Forest officials who have been closely monitoring this young lioness said she was a part of a 10-member pride with two male lions. The males are growing old. Apart from this, four sub-adult cubs of the same age have left the pride in search of their own new home.
Deputy conservator of forest Sandeep Kumar said, "Five young adult lions trying to establish their supremacy in the area are intruding in this territory. Her mate along with his brother had come close to her pride and stayed nearby for about a week."
Sensing that the males in her group were getting weaker and that the young lion and his brother had a fair chance of taking over the pride by vanquishing the reigning 'kings', the lioness chose her mate. She preferred the most powerful of the five contenders and gave birth to three cubs. Of these, one cub was killed in an incident of cannibalism by a male from her existing group.
Kumar said this male and his brother have come to the area from a nearby range in Dudhala. He added that the lioness was staying just 2 to 2.5 km away from the parent pride. Since leaving home, she has come close to the group only once or twice, but that too without her cubs. Officials said that once her male lion establishes supremacy, she will rejoin the pride.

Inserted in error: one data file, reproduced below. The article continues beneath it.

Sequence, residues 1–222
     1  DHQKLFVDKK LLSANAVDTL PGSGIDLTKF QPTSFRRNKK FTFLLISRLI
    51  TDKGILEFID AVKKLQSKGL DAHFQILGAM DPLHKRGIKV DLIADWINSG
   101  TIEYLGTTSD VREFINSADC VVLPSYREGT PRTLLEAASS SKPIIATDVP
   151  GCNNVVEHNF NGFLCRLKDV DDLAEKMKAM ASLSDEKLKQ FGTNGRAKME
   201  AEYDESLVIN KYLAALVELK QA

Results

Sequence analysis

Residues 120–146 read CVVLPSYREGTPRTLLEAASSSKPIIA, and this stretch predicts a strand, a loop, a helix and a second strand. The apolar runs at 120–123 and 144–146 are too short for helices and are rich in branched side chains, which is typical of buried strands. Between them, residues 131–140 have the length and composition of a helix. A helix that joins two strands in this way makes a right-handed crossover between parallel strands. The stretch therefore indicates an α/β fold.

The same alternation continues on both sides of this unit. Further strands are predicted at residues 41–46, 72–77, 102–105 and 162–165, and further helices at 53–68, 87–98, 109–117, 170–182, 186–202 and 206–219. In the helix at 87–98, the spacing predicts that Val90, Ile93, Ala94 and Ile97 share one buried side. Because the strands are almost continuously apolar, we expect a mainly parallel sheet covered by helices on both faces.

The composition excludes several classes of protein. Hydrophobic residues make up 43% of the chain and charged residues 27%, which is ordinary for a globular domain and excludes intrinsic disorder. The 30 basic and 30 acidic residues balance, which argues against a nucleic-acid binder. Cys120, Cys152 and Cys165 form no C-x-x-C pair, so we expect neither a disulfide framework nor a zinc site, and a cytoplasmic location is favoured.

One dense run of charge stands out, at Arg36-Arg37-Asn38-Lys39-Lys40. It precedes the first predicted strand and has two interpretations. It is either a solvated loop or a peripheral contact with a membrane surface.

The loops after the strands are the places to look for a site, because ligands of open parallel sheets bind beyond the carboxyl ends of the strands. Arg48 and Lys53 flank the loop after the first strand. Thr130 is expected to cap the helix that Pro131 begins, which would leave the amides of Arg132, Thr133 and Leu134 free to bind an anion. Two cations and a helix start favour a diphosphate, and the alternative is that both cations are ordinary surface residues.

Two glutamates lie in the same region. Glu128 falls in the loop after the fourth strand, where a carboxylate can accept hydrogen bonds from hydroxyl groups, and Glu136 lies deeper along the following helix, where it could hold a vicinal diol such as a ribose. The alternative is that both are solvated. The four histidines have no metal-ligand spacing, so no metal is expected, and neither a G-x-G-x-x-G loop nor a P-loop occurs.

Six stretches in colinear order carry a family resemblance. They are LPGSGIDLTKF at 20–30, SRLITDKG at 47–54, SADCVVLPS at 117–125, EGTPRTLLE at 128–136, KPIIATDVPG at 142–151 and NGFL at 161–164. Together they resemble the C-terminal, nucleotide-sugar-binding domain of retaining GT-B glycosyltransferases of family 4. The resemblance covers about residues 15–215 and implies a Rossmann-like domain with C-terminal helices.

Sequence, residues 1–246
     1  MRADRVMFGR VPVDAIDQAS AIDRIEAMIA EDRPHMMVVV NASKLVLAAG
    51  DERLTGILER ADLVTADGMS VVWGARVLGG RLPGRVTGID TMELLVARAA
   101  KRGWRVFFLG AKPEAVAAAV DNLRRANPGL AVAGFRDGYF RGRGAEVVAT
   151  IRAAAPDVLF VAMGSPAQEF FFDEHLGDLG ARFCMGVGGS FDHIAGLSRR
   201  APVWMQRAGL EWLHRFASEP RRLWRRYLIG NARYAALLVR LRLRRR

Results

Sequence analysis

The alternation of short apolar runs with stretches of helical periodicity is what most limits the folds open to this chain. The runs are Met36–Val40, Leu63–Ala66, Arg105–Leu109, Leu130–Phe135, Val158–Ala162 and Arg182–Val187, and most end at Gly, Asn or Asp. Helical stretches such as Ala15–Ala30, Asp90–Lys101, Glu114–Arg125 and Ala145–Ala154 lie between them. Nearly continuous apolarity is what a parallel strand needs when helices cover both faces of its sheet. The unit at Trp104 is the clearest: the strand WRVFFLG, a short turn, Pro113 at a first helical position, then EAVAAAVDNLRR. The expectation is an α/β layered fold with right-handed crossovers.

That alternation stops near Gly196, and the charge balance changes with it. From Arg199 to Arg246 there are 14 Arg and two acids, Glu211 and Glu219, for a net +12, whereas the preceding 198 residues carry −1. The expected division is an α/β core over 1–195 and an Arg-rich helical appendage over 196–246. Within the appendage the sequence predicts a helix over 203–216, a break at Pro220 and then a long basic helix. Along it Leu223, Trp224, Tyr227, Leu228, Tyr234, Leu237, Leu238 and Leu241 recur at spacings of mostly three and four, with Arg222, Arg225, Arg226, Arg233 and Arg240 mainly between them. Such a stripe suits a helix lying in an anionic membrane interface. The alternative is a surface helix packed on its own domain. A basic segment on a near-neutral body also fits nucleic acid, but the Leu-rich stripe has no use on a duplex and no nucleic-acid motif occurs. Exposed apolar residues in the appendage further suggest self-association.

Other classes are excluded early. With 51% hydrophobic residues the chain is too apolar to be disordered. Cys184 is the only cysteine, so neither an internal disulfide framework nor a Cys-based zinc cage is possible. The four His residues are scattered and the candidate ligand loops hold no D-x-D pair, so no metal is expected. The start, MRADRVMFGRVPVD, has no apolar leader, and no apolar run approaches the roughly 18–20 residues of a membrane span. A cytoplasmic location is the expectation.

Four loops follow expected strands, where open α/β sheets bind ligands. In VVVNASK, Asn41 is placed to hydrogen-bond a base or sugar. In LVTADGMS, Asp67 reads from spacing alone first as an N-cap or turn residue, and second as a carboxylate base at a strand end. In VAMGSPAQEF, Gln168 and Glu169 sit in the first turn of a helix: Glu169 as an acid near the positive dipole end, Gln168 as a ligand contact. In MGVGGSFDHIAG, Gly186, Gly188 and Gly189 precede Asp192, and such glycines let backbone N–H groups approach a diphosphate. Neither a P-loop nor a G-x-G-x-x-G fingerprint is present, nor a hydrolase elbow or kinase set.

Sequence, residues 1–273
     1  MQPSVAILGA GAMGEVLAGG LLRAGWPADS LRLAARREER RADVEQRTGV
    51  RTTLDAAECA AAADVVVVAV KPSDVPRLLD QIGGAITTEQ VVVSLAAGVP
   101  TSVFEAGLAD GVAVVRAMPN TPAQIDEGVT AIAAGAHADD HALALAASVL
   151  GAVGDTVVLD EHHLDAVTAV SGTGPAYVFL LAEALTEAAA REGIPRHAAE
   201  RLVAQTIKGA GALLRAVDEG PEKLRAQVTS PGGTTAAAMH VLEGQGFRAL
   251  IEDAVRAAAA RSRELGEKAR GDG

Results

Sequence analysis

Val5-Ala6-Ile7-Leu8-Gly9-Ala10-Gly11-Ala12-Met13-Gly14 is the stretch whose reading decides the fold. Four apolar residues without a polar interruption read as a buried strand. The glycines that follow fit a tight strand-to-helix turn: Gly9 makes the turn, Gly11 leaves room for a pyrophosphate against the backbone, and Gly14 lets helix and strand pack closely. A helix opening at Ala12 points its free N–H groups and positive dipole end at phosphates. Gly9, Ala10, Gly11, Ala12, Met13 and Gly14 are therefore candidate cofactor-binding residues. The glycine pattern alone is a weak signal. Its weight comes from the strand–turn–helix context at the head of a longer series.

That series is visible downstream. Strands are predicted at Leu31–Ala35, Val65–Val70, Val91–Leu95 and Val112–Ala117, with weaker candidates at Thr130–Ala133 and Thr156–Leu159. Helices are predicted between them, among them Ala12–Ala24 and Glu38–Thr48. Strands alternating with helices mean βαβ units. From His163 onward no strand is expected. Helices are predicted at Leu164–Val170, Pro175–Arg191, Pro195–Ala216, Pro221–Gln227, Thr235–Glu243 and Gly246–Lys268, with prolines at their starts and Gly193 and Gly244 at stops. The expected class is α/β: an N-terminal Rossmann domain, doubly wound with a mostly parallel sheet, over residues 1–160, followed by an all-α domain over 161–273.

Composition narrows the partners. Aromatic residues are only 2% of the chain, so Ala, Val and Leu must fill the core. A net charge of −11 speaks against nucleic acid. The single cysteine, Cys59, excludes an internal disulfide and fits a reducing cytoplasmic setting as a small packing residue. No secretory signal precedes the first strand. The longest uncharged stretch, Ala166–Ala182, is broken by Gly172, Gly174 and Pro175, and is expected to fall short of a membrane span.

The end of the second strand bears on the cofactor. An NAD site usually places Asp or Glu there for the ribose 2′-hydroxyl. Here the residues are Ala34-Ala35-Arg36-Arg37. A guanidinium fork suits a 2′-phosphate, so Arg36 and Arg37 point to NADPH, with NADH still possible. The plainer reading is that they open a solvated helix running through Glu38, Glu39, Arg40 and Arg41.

Gir lions flourish, thanks to adjoining areas
The Lion King's successful conservation story is making international headlines. An academic paper titled 'A conservation success story in the otherwise dire megafauna extinction crisis: The Asiatic lion (Panthera leo persica) of Gir forest' that chronicles Gujarat's efforts in conserving the big cat has been printed in a Singapore-based magazine. The paper authored by Gujarat's senior IFS officer, HS Singh and Luke Gibson of the Department of Biological Sciences, National University of Singapore brings out the stellar increase of the lions in the wild from its near extinction a century ago to a thriving 411 as per the census last year.